The day that a considerable number of Twitter power users have been waiting for has finally arrived: the much-anticipated Carbon client is available for download. You can hit the widget below this story to head to the Play Store and install it post haste. Some early users (including yours truly) are having strange errors on the Play Store, with the app refusing to download via web or on-device clients; these hiccups should be taken care of sooner rather than later.
Alarm clocks are thick on the ground on the Google Play Store, which is surprising in itself, since Android has a perfectly capable alarm clock built in. There are popular alternatives like DoubleTwist's slick-looking Alarm Clock, and various options for softly lulling you to sleep with music. Now there's a new option that's become quite popular on iOS (though we won't hold it against them), which uses your smartphone or tablet's sensors to wake you up at the right time.
So you're a graphic designer who's constantly inspired by the colors around you. That's fine and dandy, but just try putting "that sort of yellow-orange I saw on the aspen leaves in Durango last Saturday" into Dreamweaver and see what happens. Well, chromatically frustrated artists, we have a solution for you. SwatchMatic takes a look at the colors streaming into your Android smartphone's camera, and creates live, continually shifting dynamic color palettes from the relevant scene.
Eternity Warriors 2 is the sequel to the surprisingly popular Glu Mobile original, which has amassed over a million downloads. The epic story follows the valiant fighters of Northern Udar as they face the master of the Demon Towers, scourge of the...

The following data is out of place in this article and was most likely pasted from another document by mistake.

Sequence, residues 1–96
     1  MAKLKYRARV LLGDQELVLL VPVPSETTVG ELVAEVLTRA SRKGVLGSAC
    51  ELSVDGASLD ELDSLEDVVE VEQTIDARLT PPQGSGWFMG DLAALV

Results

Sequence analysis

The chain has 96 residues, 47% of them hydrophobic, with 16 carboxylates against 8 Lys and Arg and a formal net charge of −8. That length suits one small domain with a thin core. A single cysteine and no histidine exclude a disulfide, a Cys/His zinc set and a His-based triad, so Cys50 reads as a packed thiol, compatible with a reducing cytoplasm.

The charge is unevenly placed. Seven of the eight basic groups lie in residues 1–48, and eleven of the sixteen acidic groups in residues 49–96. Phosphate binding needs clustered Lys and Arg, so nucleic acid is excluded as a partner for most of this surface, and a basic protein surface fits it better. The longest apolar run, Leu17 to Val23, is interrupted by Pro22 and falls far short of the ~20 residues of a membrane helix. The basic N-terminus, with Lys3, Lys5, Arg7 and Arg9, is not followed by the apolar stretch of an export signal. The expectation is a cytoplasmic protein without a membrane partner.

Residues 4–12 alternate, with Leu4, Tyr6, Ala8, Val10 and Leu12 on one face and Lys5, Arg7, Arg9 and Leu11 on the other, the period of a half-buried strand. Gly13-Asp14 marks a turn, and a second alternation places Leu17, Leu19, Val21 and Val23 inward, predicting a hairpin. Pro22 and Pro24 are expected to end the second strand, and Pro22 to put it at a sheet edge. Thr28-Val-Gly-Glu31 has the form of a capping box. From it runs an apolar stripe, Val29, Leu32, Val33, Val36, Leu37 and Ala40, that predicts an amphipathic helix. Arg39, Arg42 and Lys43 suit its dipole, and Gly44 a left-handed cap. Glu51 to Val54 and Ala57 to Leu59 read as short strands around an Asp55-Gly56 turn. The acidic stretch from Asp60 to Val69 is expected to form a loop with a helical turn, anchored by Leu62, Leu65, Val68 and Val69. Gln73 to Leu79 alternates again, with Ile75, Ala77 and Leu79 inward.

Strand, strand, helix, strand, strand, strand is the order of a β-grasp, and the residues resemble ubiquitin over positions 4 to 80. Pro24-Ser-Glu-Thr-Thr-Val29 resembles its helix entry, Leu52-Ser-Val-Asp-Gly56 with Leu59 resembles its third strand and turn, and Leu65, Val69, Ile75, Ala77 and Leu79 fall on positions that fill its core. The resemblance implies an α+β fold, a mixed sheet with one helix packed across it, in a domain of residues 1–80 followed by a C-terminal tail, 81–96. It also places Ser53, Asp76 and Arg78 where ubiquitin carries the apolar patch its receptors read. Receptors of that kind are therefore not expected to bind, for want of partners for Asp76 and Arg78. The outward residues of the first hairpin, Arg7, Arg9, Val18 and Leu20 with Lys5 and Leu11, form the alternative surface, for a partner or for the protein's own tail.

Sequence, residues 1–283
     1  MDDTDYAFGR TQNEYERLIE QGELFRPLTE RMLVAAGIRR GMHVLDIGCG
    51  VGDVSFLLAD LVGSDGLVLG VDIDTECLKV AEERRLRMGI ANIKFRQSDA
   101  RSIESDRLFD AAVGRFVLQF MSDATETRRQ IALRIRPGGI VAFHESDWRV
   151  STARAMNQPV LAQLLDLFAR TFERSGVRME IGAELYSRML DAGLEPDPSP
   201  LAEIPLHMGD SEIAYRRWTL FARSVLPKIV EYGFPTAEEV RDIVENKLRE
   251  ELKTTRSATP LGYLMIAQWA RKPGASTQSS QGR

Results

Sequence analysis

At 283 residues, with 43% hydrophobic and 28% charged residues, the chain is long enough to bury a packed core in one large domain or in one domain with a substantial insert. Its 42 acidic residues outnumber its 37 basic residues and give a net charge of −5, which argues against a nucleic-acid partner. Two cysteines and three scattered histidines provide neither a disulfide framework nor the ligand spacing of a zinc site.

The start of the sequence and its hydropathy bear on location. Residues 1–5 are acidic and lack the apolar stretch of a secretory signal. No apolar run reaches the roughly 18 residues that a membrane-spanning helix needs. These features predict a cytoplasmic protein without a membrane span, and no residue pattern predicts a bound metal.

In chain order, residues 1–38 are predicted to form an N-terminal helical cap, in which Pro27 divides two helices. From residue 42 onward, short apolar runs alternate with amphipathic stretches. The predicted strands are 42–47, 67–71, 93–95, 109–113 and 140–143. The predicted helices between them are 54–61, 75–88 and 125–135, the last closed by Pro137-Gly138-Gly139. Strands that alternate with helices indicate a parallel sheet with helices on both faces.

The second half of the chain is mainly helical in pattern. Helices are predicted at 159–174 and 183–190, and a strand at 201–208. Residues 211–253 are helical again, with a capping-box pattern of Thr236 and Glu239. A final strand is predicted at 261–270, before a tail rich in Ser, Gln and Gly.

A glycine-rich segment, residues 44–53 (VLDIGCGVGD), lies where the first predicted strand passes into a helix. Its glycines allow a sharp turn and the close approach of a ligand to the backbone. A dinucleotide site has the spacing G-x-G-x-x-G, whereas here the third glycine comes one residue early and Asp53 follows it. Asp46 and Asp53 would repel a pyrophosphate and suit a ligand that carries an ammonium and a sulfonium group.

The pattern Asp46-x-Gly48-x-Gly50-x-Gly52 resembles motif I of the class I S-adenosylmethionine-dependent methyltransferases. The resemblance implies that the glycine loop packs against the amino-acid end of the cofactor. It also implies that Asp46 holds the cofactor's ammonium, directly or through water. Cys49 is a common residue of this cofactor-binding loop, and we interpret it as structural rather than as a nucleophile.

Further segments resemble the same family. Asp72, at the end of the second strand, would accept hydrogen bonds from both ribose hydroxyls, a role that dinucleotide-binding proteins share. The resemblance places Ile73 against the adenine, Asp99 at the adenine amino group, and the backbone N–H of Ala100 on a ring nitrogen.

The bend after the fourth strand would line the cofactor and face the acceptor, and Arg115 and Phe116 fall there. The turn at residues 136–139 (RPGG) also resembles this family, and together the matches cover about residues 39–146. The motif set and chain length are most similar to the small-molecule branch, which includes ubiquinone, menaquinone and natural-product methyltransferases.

There's a lot of options for Twitter on Android, both in full apps and widgets. But the newest player may just be my new favorite. Falcon for Twitter, now in beta, combines the standard timeline view with enough options and settings to make the obsessive compulsive Android user ecstatic, while still fitting in with the Holo theme of ICS and Jelly Bean beautifully. The standard features include listing your mentions, retweets and private messages, and a quick and useful mobile view that opens links in a mini-browser without ever leaving your homescreen.
Look, no one likes flying. No one. With the possible exception of that guy who's racked up a billion airline miles and takes a round trip from JFK to Dubai just to get free cocktails. But since you've got to fly now and then, it's nice to have an aesthetically enjoyable way of keeping tabs on your flights and connections. Mobiata has a new, free version of the FlightTrack app, which is more than you can say for the dry sandwiches on your last non-stop Delta flight.
Until recently, Amazon's Appstore for Android has been the only game in town when it comes to (legally) obtaining paid apps for free. Getjar has changed that, however, by beginning the Getjar Gold Program which offers an entire catalogue of paid apps absolutely free and without ads. It would seem that Getjar's new program is a huge success, at least in the case of one development company.
Mobisoft, developers of Imperio RDP remote desktop client, released a press statement recently reporting on the company's experience thus far with Getjar Gold, boasting "three times the revenue" in its first week as part of the program over revenue generated by the Android Market.
Amazon's Appstore for Android is well known for handing out paid apps for free, but normally users don't have a choice in which apps are offered up. Amazon is currently running a promotion that changes that, however, offering a $2.00 credit to anyone who follows @amazonappstore and allows Amazon to tweet a special message on their behalf.
Getting the credit is as easy as pressing a button, and sending out one promotional tweet is a small price to pay for $2.00 worth of free apps.
Analytic firm Distimo has released its report for June 2010, and the results are interesting. This may not be a surprise to Android users who have spent some time browsing the market, but a whopping 57% of Android apps are free. That’s an impressive percentage on its own, but it gets even better when compared to other app stores:
Amazing, right? Looks like the open mentality of Android pays off, as the Android Marketplace’s free rate is two times higher than anyone else's, excluding Palm’s App Catalog.